Hi, my name is Ivan Labelle. I am the co-founder of “Mentalk K’hommeunique” and co-anchor of the local TV show “man to man” and I have been asked to write a column. I was very ambivalent, and still am, about writing this column.
Even though we all seem to agree not to judge people without knowing their journey, and we are wise enough to know that everyone has life challenges, it sometimes feels like some of us should not have a voice because we have white man privilege. This so-called privilege is sending a message to us; it’s telling us to shut up, suck it up and not to complain.
Therefore where does a man go to unload his stress and grief?
I do acknowledge that white man privilege exist in many aspects of life, so please no hate mail.
But I also have seen, when waiting to get in a club, the pretty girl privilege, they angry scary man privilege, the child and senior privilege, the ladies and children first privilege–think Titanic. So I guess it depends on the situation. If a stranger enters your house at night do, you wake up your wife and ask her to go check? Probably not. So I guess we have that privilege as well!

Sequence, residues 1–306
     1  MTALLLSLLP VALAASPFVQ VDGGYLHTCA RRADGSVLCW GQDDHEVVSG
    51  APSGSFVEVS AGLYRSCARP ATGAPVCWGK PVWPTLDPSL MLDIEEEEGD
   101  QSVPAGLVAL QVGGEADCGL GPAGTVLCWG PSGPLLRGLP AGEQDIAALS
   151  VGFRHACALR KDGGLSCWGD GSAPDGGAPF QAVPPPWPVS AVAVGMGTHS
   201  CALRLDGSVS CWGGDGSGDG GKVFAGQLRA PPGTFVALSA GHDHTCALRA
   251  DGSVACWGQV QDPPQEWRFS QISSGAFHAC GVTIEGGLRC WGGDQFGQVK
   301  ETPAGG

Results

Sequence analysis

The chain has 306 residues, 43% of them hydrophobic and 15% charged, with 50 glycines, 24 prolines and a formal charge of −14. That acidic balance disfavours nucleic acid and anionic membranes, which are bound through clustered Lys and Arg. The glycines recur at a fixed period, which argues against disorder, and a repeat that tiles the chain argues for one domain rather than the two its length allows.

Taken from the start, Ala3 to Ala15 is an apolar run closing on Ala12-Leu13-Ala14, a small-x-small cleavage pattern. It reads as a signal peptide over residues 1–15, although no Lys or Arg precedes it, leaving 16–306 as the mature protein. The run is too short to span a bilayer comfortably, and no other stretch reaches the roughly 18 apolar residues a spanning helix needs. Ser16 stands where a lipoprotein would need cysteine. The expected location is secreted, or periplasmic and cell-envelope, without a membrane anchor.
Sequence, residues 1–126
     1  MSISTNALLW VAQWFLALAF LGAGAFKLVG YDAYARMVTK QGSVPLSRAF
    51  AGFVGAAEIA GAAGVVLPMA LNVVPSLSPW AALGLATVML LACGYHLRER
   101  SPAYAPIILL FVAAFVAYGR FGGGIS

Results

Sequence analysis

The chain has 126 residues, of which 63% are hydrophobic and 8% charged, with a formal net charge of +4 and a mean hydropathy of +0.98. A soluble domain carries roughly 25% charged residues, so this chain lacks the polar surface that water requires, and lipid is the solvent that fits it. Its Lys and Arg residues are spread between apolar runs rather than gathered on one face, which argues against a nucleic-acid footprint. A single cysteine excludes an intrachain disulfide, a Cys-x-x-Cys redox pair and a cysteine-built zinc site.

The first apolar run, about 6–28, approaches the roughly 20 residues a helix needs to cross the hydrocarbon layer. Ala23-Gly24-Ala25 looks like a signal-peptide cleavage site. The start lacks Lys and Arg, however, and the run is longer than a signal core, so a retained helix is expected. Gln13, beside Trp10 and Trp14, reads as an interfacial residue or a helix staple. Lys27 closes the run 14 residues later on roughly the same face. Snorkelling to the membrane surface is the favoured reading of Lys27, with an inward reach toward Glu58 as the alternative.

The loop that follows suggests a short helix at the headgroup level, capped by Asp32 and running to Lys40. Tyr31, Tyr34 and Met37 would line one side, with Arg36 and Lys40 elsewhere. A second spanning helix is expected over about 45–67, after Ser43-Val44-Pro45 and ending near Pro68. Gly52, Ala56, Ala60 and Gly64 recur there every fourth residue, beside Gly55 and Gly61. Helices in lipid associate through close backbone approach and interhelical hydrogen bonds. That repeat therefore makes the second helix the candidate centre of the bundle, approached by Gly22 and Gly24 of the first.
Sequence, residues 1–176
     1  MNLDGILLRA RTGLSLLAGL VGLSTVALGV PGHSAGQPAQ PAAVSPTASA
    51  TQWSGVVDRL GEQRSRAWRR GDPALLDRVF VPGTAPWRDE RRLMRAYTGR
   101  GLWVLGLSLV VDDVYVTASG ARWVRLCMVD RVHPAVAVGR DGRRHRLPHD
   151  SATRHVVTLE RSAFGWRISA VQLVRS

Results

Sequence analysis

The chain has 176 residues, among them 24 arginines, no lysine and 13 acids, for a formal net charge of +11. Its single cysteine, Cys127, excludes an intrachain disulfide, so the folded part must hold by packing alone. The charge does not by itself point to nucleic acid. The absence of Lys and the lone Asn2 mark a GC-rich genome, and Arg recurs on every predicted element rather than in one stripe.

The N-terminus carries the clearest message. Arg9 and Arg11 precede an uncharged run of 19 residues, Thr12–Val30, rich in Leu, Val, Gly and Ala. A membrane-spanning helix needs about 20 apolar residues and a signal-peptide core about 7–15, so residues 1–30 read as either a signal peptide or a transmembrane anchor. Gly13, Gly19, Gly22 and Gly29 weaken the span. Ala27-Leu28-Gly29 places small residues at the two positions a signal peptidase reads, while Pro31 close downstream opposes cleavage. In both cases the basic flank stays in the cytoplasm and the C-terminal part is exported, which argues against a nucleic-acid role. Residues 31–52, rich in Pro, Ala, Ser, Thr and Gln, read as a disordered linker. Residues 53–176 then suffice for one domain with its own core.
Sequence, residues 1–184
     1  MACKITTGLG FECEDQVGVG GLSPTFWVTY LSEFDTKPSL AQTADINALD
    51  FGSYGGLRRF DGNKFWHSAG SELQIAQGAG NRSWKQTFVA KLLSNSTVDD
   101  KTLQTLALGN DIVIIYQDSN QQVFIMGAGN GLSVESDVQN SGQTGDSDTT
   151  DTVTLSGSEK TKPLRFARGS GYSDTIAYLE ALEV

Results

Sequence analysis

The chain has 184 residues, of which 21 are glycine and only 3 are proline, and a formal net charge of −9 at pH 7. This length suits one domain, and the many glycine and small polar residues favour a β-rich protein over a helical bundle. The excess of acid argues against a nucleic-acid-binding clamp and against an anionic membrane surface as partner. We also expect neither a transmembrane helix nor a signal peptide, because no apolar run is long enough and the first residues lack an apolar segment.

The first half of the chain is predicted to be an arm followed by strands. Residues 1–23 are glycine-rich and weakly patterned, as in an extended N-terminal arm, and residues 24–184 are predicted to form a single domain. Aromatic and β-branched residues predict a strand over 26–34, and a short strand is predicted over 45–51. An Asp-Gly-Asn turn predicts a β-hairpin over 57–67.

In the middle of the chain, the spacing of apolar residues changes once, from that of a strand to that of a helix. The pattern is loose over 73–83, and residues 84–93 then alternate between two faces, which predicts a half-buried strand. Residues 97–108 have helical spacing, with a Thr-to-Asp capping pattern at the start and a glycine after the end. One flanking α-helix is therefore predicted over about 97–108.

Men have done horrendous things to women, whites to blacks, adults to children and employers to employees, even women to men.
I have worked with men who were exposed to violence all their lives. Imagine being woken up as a child by a kick in the face. Imagine being raped by a crazy uncle, or raised by a mother who hates men. The list goes on.
My point is this: everyone matters. Thank God for the LBGTQTS movement. It has made for a more inclusive caring society. As the bumper sticker says “Human Kind –be both.”
I have been warned not to quote statistics without up to date information, but I can say concretely that men are also abused. What shelter do they go to? I started these men’s groups because I was tired of hearing about men sleeping in their trucks. One day, I spoke up and a man replied “I slept in a truck for weeks!” That man is Stephen Douris, the other facilitator, co-anchor, and recipient last year’s Citizen of the Year award. He was also named Big brother of the year. Stephen has lived experience. Combined with my training and experience, he has helped us help other men.
So,If you care to look at which gender does the most dangerous jobs, and which gender has a highly likelyhood of dying on the job, you’ll find out men have that privileges as well. All things considered, all we want is to let you know we matter, we hurt, we get anxious, we get depressed and yes, we need to talk. So I ask you: when was the last time you checked in with your dad, your husband, your son, and asked about his mental health and how is he really doing? Of course, most will say “fine”, but add: “No REALLY? How are you doing?” You might be surprised by what follows.